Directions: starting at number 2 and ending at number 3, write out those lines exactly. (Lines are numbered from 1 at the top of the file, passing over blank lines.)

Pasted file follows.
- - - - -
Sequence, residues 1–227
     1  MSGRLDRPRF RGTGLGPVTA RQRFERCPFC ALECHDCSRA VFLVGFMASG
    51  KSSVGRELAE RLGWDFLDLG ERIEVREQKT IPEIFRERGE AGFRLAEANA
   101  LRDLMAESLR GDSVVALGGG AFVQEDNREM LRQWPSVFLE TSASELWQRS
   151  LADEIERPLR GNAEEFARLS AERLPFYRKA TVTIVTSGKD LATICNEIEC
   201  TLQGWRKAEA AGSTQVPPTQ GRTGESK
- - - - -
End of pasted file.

     1  MSGRLDRPRF RGTGLGPVTA RQRFERCPFC ALECHDCSRA VFLVGFMASG
    51  KSSVGRELAE RLGWDFLDLG ERIEVREQKT IPEIFRERGE AGFRLAEANA